The housing market has quickly shifted in light of rising mortgage rates, which jumped in January from 3.2% to over 4% by late March.
The End of the Pandemic Housing Boom
Rising mortgage rates are directly correlated with the pandemic housing boom fizzling out. Federal Reserve Chair Jerome Powell says that while the housing boom has fizzled out, it has been replaced with a “difficult correction.”
“For the longer term, what we need is supply and demand to get better aligned so that housing prices go up at a reasonable level and at a reasonable pace and that people can afford houses again. We probably in the housing market have to go through a correction to get back to that place,” Powell told reporters last week. “This difficult [housing] correction should put the housing market back into better balance.”
Just the Beginning
Mortgage brokers and builders will be disappointed to discover that this is only the beginning. In fact, the blows to the housing market just keep coming. This past Monday, the average 30-year fixed mortgage rate jumped to 6.87%. This is the highest mortgage rate since 2002 and the largest 12-month jump since 1981.
Anytime the Fed goes into inflation-fighting mode, rate-sensitive industries like real estate suffer the most. Unfortunately, higher mortgage rates can cause some borrowers to lose their mortgage eligibility because they don't qualify with their debt-to-income ratio anymore. Higher mortgage rates also drive potential buyers out of the market altogether.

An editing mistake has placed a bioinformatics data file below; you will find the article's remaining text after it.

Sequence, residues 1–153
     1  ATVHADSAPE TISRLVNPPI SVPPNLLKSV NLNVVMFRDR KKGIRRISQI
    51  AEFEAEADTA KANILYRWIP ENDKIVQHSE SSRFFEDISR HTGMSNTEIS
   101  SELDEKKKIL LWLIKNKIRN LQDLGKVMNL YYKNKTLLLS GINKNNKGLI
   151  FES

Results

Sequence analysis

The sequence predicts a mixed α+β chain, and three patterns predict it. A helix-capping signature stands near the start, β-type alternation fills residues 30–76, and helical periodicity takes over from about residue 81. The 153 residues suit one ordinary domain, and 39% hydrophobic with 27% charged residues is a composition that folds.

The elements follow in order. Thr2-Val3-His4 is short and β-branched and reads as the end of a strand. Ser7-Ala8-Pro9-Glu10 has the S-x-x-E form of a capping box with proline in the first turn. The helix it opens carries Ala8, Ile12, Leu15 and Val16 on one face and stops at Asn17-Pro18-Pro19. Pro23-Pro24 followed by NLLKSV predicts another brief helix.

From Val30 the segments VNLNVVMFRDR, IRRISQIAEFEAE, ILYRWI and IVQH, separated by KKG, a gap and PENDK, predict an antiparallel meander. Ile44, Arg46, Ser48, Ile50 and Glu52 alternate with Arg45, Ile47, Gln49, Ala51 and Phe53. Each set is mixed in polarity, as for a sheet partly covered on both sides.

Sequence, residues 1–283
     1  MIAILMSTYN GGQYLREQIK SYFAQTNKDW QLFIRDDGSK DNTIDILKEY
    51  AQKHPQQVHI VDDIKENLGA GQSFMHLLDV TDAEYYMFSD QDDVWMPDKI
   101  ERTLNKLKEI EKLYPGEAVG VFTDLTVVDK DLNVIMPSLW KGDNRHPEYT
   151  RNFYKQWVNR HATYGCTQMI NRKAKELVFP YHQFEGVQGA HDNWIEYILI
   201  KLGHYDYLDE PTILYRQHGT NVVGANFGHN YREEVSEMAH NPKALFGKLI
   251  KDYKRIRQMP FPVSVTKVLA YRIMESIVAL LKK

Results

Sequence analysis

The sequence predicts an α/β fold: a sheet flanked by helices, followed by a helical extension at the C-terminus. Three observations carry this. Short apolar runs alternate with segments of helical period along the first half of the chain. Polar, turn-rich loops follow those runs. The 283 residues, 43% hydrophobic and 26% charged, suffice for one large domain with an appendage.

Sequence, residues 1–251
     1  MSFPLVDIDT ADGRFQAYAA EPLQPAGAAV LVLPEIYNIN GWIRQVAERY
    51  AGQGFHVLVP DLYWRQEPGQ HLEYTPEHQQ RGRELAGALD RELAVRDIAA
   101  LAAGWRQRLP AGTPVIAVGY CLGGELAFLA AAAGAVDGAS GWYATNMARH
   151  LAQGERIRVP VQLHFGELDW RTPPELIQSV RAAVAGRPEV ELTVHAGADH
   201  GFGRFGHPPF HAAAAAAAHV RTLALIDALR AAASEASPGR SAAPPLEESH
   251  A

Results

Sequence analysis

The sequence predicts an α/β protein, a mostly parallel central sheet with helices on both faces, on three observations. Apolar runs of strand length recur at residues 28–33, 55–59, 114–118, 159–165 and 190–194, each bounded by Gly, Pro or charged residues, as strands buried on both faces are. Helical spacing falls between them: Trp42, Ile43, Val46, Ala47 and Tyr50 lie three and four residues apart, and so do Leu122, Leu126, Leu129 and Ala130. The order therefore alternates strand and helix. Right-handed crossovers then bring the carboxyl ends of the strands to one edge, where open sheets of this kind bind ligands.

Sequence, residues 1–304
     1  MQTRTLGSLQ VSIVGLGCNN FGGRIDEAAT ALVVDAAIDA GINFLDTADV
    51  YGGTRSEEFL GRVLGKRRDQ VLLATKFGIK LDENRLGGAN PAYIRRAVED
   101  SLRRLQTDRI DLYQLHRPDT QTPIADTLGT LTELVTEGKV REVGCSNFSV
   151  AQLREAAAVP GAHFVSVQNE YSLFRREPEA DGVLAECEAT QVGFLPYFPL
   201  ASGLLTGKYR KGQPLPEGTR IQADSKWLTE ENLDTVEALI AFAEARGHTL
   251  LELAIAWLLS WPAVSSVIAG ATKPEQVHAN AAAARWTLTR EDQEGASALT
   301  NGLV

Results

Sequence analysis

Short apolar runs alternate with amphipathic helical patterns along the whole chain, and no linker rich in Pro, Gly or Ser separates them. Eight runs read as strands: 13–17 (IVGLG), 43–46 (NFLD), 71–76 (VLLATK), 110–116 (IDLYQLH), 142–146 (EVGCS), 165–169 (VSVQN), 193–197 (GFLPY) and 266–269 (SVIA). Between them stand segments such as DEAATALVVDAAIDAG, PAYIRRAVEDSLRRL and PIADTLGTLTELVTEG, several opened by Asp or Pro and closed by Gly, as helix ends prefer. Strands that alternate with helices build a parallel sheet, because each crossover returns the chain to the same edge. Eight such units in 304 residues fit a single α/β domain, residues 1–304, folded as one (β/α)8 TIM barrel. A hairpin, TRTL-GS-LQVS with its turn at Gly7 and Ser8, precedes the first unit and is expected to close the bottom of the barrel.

Working Towards Equilibrium
The purpose of the housing correction is to work towards equilibrium. As buyers are pulling back, the correction will see inventory levels rising and home sales volumes falling. It will also put most of the nation at risk of falling home prices.
Home prices are already declining in housing markets like Austin, Boise, and Las Vegas. Home prices have yet to decline nationwide, though. According to Zillow, 117 housing markets had home price declines between May and August. In another 500 markets, prices are either the same or on the rise. More markets are going into the falling home price category soon, though. As long as mortgage rates continue to hover near 7%, there will be downward pressure on home prices in the near future.
A Pressurized Market
Increasing home price appreciation-which has increased to 43% since the pandemic-along with 7% mortgage rates is taking millions of potential homebuyers out of the market. This combination has put debt-to-income ratios at the same level as levels that were hit during the peak of the housing bubble.
In this highly pressurized market, builders are calling off projects and real estate firms are having to consider layoffs.
The biggest price declines are not seen in bubbly markets like Austin and Las Vegas but in high-cost tech hubs such as San Francisco and San Jose. Not only are they dealing with more rate-sensitive markets, but their tech sectors are dealing with rate sensitivity as well.
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This article was produced and syndicated by Wealth of Geeks.